Pottery Art 155

ignorethechaos's version from 2016-04-25 15:41


Question Answer
absorbtionthe amount of water that a clay body is able to draw into its surface at a particular stage in the ceramic process
atmospheric water"wet" water that leaves the clay as it dries to the greenware stage and prior to the bisque firing
bisquethe first firing (to 1800 degrees/ cone 06) which makes the clay stronger yet porous and drives off its chemical water (known in UK as the bisquit firing)
chemical waterwater that is chemically bonded to the original clay but released during the bisque firing (through the process of sintering) at between 8-900 degrees- it dissipates into the atmosphere, permanently changing the clay and making it no longer able to be slaked.
china clayoften known as kaolin, this pure white firing clay is one of the primary ingredients in porcelain
chucka round bisqueware collar used to hold a leatherhard pottery form (usually a bottle form or other narrow necked shape) on the potters wheel to allow its bottom surface to be trimmed and finished.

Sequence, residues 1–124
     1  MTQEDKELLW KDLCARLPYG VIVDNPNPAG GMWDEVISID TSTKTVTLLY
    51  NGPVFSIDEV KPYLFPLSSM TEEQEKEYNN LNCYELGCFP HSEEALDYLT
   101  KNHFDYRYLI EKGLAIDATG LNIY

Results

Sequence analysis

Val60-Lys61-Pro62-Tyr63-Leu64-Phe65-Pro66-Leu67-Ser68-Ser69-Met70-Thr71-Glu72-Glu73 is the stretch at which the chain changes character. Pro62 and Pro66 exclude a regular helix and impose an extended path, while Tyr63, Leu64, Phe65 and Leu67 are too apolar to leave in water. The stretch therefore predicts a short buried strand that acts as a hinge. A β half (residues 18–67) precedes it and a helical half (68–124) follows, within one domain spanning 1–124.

clay bodya useful mixture of ceramic materials combined for a specific purpose.
crawlinga glaze defect where the glaze pulls away from the pot leaving its surface exposed- caused by too thick an application of glaze or an unclean bisqueware surface
crazinga glaze defect where a crackle pattern forms on the surface of the glaze-caused by too rapid cooling of the glaze or an uneven shrinkage between the glaze and clay body
colorantshighly refined oxygen/mineral compounds that are added to a clay or a glaze to give it color
damperthe ceramic plate used to close off or partially restrict the exit of gases from the kiln, providing the most immediate way to change the atmosphere inside the kiln
duntingthe cracking of fired pottery due to too rapid cooling of the kiln